Dispatches, thoughts, and miscellanea from writer Jon Konrath

The facts, in summary

The facts, in summary: Last day of work, Friday 3/9. Sarah’s mom is here 3/9-3/12. Sarah’s last day, 3/13. We fly to Denver on 3/14-3/19 to find an apartment, try to buy a car, and get as much done as possible. 3/23, movers come and take everything but the nails in the walls. 3/25, fly to Denver. 4/2, Sarah starts work.

We were talking about driving across the country, and that would be ideal in that the movers are going to take a week or two to get all of our stuff out there. We have two days in NYC with nothing but suitcases of clothes and vitals, and maybe a week on the other end with just that and what we buy new on the other end. (A large Target run is on the books…) The drive would be very appealing if car rentals were cheaper, gas wasn’t like three bucks a gallon, and the weather was slightly nicer. But as it turns out, two one-way tickets is much cheaper, and getting an aerobed for a week and for later use by guests will not be a bad thing.

The tough thing now are the goodbyes. This happened to me in Bloomington and in Seattle. In your last week, you have a hundred dinners or lunches or drink invitations, from all of these people that want to see you or bid you farewell or whatever. And that’s nice, but there’s a certain weirdness to saying goodbye to people that you might or might not ever see again. And what’s weird is that you’re not sailing the seas to the American territories or whatever; there’s email and phones and planes and cars. People can stay in touch as much or as little as they want. Some people will be friends for life, and some people will never be heard from again, and those won’t correspond to the levels of friendship or affection that you see when you’re in regular proximity to them. And people will get hit by busses, or die of a heart attack, or be in a car wreck, or move to China, or whatever else. So each dinner or drink may be the last time you see the person – for all you know, they will get shot in the head ten minutes after you leave by a random Charlie Whitman wannabe in a clocktower with a sniper rifle. You just don’t know, and that’s always weird to me.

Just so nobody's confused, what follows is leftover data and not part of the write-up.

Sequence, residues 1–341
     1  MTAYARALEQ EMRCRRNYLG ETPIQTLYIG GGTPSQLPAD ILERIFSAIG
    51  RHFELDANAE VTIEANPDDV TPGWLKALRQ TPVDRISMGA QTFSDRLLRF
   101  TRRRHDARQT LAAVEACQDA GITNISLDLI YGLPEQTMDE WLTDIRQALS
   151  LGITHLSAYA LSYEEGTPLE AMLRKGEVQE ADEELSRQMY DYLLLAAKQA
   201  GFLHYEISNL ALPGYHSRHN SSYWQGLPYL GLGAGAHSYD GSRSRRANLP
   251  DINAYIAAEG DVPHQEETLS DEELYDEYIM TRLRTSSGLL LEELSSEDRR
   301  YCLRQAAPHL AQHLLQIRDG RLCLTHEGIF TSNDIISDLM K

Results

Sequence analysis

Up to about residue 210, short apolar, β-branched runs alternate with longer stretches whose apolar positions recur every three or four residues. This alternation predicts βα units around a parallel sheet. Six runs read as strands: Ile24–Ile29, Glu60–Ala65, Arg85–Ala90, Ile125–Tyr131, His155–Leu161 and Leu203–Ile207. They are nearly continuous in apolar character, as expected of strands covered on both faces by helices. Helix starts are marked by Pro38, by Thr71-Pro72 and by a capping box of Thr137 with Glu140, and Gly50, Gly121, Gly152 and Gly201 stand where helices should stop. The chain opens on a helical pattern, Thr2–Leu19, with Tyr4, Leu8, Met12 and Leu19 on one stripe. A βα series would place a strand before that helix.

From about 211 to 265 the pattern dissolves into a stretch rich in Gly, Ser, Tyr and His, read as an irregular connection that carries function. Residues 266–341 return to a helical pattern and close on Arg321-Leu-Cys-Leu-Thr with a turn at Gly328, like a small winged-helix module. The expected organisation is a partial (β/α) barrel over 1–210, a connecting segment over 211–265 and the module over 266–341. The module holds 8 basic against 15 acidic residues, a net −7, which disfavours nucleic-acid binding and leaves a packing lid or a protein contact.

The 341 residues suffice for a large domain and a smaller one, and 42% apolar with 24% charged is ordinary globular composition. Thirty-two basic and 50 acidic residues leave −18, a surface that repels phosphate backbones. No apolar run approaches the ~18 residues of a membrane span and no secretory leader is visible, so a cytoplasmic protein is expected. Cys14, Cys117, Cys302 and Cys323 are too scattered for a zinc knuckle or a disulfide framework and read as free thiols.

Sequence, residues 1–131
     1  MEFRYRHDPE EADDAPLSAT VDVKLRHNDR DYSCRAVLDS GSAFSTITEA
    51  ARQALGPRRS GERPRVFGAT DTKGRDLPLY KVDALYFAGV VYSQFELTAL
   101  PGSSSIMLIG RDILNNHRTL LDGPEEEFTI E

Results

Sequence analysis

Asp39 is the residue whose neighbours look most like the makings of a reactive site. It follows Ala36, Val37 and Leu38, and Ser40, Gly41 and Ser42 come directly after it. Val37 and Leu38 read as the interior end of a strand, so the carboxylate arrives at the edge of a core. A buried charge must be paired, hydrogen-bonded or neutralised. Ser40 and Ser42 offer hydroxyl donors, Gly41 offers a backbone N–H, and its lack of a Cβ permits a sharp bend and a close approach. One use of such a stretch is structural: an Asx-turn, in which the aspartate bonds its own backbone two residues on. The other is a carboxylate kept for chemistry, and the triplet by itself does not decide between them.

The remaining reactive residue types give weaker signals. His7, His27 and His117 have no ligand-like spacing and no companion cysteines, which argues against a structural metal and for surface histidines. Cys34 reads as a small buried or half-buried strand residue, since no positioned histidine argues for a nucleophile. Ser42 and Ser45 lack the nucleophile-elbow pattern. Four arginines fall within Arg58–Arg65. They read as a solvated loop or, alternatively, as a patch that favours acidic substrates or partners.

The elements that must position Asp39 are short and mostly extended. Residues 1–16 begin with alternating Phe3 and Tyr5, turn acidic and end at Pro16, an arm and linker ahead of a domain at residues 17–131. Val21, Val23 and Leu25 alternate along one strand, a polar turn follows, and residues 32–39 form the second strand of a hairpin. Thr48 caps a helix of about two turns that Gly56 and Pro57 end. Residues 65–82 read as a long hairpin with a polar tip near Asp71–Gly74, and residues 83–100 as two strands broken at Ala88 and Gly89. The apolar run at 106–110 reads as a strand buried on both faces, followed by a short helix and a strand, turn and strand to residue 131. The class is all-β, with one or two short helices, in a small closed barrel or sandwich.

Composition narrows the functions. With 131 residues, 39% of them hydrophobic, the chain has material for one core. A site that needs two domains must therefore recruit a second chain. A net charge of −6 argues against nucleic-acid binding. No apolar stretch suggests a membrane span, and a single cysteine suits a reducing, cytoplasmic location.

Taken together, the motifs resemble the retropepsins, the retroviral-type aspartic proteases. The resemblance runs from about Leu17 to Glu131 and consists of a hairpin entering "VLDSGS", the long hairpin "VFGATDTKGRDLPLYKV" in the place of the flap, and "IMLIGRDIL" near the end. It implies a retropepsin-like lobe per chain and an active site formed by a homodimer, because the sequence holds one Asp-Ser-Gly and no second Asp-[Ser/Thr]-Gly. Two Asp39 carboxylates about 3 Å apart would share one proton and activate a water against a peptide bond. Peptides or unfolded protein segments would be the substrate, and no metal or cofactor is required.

It also sucks having to tell the same story to every single person you see for a month straight. Ever since it was announced at work, people I’ve never exchanged more than five words with are interrogating me for the full story while I’m trying to take a piss in the bathroom or eat my damn lunch. It’s exciting the first 50 times, routine the next 50, and then it gets to the point where I’m thinking of just writing it on an index card and showing it to people when they ask, like those deaf dudes in the airport with the “I’m deaf, give me money” cards. (Maybe they have gone away since 9/11. If so, thank the Baby Jesus for the TSA and God Bless America.)

I forget what else, except I am reading The Risk Pool by Richard Russo. John Sheppard gave it to me, and it’s the best damn book I’ve read in a while. Very thick description, excellent characters, and a good story. Only problem is it makes me want to go back and write another Summer Rain, and I can’t go there.

Speaking of, gotta get some work done before work. Four more days!